Since the 1990s, African actors have been engaged in ending civil wars. These efforts have often been characterized as the quest for indigenous solutions to local conflicts. Using cases of mediation in Eastern Africa-Burundi, Rwanda, Uganda, and Sudan - this study probes the strengths and weaknesses of African mediation initiatives. The book contends that although African actors have limited resources to mediate civil wars, over the years, they have learnt to seize opportunities that accrue from participating in conflict resolution to contribute to peaceful settlements. Conceptualized as building organizational power for mediation, this process has entailed evolving professional norms and standards of intervention. Eastern African mediators have also benefited from interaction with international mediators in conflict resolution.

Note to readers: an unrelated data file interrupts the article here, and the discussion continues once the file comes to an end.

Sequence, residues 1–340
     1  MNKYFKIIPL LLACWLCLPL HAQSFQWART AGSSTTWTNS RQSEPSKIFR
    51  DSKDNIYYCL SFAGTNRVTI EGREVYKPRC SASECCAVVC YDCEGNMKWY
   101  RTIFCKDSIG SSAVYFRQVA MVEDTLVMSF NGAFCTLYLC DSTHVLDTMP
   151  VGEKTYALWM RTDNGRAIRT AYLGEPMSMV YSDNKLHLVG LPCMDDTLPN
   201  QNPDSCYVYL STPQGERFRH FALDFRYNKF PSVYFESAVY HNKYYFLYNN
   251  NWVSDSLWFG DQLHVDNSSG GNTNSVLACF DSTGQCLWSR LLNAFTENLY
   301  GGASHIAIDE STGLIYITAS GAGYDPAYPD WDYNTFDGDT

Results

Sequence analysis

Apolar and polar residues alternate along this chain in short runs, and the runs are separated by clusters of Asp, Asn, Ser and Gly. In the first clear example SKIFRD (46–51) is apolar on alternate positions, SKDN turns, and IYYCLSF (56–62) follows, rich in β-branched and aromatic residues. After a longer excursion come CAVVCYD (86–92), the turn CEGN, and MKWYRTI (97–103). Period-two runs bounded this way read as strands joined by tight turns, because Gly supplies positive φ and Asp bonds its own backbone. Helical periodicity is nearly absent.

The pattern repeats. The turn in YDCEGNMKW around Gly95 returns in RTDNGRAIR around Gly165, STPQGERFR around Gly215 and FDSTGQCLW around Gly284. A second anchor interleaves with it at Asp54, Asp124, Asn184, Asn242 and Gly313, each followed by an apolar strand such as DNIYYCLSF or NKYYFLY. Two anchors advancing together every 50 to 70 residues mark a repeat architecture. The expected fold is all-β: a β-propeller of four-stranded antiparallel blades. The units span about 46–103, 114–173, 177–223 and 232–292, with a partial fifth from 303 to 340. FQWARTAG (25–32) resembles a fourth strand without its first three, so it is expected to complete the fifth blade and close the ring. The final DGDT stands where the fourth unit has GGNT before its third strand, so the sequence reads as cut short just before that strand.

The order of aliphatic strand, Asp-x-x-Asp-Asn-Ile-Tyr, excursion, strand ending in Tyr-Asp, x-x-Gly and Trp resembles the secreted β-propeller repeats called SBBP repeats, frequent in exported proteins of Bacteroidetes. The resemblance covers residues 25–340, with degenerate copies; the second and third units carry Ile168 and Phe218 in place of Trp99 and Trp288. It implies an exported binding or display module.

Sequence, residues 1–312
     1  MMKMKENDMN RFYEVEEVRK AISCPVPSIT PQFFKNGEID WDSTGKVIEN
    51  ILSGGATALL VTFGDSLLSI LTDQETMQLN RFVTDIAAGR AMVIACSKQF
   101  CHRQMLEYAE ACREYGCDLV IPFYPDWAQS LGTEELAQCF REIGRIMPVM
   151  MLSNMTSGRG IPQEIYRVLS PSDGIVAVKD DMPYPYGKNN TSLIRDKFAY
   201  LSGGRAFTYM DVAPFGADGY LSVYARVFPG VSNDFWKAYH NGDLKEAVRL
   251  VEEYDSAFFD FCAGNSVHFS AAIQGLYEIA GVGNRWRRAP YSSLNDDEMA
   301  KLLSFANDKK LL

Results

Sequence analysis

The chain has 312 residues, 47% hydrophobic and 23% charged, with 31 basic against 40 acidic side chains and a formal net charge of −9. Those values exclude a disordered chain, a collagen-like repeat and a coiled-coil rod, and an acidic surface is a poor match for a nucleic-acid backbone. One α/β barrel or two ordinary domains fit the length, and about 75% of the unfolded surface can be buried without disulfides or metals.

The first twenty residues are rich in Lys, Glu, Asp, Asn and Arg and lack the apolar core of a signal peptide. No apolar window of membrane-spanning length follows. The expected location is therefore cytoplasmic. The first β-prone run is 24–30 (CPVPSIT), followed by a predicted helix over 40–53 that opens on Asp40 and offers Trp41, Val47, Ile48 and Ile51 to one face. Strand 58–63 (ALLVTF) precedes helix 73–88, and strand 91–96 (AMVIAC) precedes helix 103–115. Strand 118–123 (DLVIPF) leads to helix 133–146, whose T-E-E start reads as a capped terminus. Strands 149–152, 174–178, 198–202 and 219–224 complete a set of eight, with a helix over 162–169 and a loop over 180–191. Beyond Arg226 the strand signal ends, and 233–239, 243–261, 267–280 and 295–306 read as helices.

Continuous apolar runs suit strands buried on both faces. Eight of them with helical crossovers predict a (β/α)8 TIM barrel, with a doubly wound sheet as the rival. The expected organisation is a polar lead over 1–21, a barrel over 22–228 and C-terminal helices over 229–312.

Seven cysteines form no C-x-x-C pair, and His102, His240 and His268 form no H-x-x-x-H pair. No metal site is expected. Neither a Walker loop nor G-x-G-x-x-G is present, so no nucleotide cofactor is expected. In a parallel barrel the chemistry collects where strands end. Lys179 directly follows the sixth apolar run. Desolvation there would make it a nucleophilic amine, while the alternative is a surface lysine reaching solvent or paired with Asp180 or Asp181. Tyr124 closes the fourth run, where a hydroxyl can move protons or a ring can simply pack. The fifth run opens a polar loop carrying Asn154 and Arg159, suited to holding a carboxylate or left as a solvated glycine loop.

Comment: Khadiagala’s book sheds light on the vagary of conflict mediation through citizen-led (elder statesmen), state-centric and regionally-driven initiatives. Recommended for scholars of peace, conflict resolution, history, politics and African studies.Export citation in BibTeX formatExport text citationView this text on PhilPapersExport citation in Reference Manager formatExport citation in EndNote formatExport citation in Zotero format
Khadiagala, Gilbert M.. Meddlers or mediators? : African interveners in civil conflicts in Eastern Africa
2007, Meddlers or mediators? : African interveners in civil conflicts in eastern Africa. Leiden: Martinus Nijhoff (International negotiation series, v. 4).